Chaos A.D.: Disorder Unleashed

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Published: February 2, 2019

Chaos A.D.
Disorder Unleashed

— Sepultura, Refuse/Resist

Chaos is a terrifying and necessary thing. It creates and destroys. It gives and takes. It’s the constant change in the world that masquerades as order and structure.

Anthony Davis has been the organizing principle of the New Orleans Pelicans from when he joined the team until very recently. Since he has demanded a trade from the team with more than one season left on his contract, not including his player option and forgetting any extension options, this is no longer the case.

Chaos reigns now. Hell is unleashed. It’s pandemonium around the NBA.

Order will emerge, without question. The question is, “Which order will emerge?” This series will lay out what the New Orleans Pelicans need to do to emerge from this on the most solid footing they can.

This first article fittingly deals with the first step.

Into the Void

The absolute first step for the Pelicans is to completely remove Davis from its day-to-day business. This is clear leadership in the face of the kind of fundamentally dishonorable behavior that has been tied to Davis.

No:

  • Team activities or contact of any kind, especially games
  • Marketing of any kind
  • Media, including questions about him

He needs to be a total non-factor on this team. Make it as if he’s already been traded. Keep him away from the locker room, and keep him out of any spotlight, off any platform. In short, he needs to be on his couch.

Yes:

  • Charity and Community Work
  • Searching for the trade

The exceptions to this are actually moving him and any community work. Players that leave team still maintain their work in those areas they left. This should be no different, and that stuff is bigger than business or basketball.

Benefits

The primary reason to banish Davis is to set the tone about the organization, which has, for a number of reasons, been subjected to many fair and unfair criticisms since it took over. This has only increased in recent years despite many accomplishments and improvements.

This situation, which has placed a number of eyes on them, is as much an opportunity to send messages as it is to transform the team and organization.

Banishing Davis is not about him wanting to play for New Orleans or feeling like it’s time to move on. Davis or his representation could have said something like this, and it would have been a different story: “I don’t plan on signing that extension this summer or picking up that player option. I’m going to look elsewhere when the time comes. I understand you may benefit more from trading me before then, and if that is what you want to do, I understand. I hope there’s no hard feelings, it’s just time.” That’s not what happened. If it was, I have zero problems.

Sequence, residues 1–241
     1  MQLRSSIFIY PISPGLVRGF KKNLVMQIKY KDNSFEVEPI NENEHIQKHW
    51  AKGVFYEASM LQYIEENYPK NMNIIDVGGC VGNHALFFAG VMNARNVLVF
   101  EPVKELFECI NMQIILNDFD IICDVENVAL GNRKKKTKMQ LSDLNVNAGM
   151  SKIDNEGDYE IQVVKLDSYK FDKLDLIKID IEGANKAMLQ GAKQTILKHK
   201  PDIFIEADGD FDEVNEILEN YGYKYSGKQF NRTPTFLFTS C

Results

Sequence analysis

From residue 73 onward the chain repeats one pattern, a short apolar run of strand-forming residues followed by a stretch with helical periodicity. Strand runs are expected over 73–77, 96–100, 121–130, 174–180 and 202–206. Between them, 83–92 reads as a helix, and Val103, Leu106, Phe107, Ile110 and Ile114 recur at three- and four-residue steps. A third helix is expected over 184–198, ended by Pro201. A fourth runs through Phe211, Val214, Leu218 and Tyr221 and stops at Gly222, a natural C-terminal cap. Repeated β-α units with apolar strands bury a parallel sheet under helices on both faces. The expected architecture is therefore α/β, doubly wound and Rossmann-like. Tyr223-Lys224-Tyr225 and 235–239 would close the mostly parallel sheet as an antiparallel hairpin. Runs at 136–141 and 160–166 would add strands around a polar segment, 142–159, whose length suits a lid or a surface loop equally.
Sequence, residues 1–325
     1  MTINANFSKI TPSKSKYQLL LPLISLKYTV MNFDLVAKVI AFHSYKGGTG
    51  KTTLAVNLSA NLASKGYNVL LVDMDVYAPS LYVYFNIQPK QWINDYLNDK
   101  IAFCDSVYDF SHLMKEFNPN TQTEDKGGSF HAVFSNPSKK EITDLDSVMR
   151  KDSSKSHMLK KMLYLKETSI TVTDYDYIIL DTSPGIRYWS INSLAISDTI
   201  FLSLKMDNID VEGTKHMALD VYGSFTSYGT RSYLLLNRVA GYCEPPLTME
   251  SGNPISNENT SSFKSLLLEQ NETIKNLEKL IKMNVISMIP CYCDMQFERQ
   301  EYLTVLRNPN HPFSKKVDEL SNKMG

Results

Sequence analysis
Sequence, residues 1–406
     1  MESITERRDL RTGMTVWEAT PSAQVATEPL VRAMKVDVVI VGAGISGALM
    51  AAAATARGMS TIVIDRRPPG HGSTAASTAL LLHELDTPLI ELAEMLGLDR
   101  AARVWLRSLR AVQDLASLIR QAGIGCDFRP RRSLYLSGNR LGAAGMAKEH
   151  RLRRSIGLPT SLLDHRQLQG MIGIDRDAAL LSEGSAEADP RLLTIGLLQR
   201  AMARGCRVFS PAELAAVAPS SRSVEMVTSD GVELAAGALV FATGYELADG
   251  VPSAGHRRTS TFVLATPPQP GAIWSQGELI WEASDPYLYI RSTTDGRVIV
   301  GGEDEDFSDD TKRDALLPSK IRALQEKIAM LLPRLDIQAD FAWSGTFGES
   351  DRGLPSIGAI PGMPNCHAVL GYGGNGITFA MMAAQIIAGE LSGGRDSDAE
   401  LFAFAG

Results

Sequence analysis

What happened is Davis deciding

  • He doesn’t need to honor his contract
  • His teammates he leads are not what he needs for his legacy
  • He will not be straightforward from this point onward

This is, as I said, dishonorable. Add the tampering and selfish and self-serving shenanigans, at our expense, associated with this attention-seeking behavior to better help him demonstrate his worth to companies with whom he may strike an endorsement deal, and it’s simply indefensible. He’s gone from hero to villain, from star to asset, from teammate to contract once he decided none of this is enough to convince him to honor a contract or at least be willing to do so.

Let’s walk through the costs and benefits before a final justification.

  • Benefits
    • Sets a tone of strong leadership
    • Will resonate locally, galvanizing the community
    • Removes distractions from the team
    • Players who remain on the team get more playing time, practice time, and coaching attention
    • Davis is more likely to remain healthy when removed from team activities
  • Costs
    • Some players and agents may over-react to this, fearing to sign in New Orleans in case this happened to them
    • The NBA or NBPA may try to get involved
  • Notes
    • Davis being benched for so long hurts his career totals
    • Davis missing so many games may increase the mythology about him
    • They will almost certainly lose more games if Davis misses games in which he could play

The powers that be on Airline have to know completely banishing Davis is the right move from both basketball and business perspectives. Davis and his camp simply can not be trusted in deed or action. Plus, they have just insulted a number of people, intentional or not. Players have rights, but Davis has crossed the line. If telling him not to report to anything team-related violates his rights, find that out after.

Such a move will resonate with locals who see their city in much the same way: New Orleans is not for everyone, just give it a fair shake. If you start turning your nose up and running your mouth, well, you’re going to get an earful and a cold shoulder, and maybe more. Locals will be thrilled if the story is told correctly, and that will be great for business. I’m not too worried about downstream effects with the players, agents, NBA, or NBPA. Such people are well-aware of the story and in great detail, and any legal action will take time to play out.

Make the move, and take your first step as a true leader in the NBA.

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